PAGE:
Military funding leaves little for life
The Department of National Defence budget is $21.2 billion, $4.8 billion higher than it was when the Harper government took office. I do not have percentage breakdowns.
Most people favour spending cuts instead of raising taxes and some want to continue deficits. But Ekos pollster Frank Graves was quoted as saying that defence would be the most popular target WRITE TO US: Email: email@example.com Website: www.cbpost.com Fax: 902-562-7077 Post: The Cape Breton Post Letters to the Editor Box 1500, 255 George St., Sydney, NS B1P 6K6 The CapeBretonPost welcomes letters on matters of public interest for publication over the writer’s name. Letters must state home address and phone number where authorship can be reached for verification. Letters must be no more than 300 words. Publication is at the discretion of the Post and all letters are subject to editing for readability, grammar, taste, propriety and length. To encourage a diversity of contributors and opinions, letters by same writer will not appear more frequently than twice a month. Copyright in letters and other materials submitted to the publisher and accepted for publication remains with the author, but the publisher and its licensees may freely reproduce them in print, electronic or other forms. For e-mailed letters, do not include attachments. Opinions expressed in letters are those of the authors. The Cape Breton Post, its publisher or publishers, and Transcontinental Nova Scotia Media Group Inc. do not necessarily endorse the views expressed therein. for any future cutbacks.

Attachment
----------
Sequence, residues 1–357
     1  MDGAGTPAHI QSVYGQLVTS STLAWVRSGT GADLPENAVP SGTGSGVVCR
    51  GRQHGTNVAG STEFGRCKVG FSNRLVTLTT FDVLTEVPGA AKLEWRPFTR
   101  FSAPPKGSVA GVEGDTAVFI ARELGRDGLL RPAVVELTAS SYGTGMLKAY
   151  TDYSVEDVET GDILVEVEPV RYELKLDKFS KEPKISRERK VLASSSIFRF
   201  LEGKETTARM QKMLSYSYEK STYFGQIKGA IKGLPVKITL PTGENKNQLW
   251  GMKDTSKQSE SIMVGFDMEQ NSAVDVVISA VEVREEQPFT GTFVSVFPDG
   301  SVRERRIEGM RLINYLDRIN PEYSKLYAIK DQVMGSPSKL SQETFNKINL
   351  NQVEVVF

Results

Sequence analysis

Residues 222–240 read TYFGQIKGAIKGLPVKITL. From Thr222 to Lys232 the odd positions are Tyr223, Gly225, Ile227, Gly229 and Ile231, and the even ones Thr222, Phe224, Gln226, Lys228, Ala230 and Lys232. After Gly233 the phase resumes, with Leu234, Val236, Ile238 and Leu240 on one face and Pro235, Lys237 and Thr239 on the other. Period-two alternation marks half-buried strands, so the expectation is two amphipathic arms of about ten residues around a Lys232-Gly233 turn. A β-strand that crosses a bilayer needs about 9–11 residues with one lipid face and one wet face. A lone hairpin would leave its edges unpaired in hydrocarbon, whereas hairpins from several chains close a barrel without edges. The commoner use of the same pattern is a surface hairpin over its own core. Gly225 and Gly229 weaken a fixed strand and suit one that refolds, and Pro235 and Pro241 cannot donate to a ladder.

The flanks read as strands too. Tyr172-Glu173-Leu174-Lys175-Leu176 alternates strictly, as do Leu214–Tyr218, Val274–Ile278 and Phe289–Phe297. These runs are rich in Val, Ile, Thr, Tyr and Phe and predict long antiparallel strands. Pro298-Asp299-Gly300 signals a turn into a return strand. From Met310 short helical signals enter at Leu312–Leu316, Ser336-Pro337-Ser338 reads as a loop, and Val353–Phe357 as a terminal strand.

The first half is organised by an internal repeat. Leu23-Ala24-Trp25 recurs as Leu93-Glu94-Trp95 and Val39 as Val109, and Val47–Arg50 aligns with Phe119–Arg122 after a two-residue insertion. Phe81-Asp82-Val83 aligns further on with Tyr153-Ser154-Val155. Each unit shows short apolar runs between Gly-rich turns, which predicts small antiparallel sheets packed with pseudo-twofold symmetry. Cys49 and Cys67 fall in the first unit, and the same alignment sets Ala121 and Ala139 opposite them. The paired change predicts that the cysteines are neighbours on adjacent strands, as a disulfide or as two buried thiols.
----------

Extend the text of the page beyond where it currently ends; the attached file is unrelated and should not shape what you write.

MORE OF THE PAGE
In mid-January, U.S. President Barack Obama pledged $100 million in U.S. government aid to earthquake-devastated Haiti. Compare that to the $100-billion price tag to keep 100,000 U.S. troops in Afghanistan for a year.
More than a million Haitians are still homeless and vast numbers (the latest estimate is 75 per cent) don’t have tents or tarps. The rainy season is fast approaching, and there is serious danger of typhoid and dysentery.
There is no shortage of bombs in Afghanistan but a lethal shortage of tents in Haiti. Such priorities are routine.
There is plenty of money in the U.S. treasury for war in Afghanistan. But domestic needs – job creation, for instance – is another matter.
To quote Norman Solomon: “But the warfare state, with vast budgets for military purposes, has scant funds for sustaining life.” Ron MacDougall Sydney Mines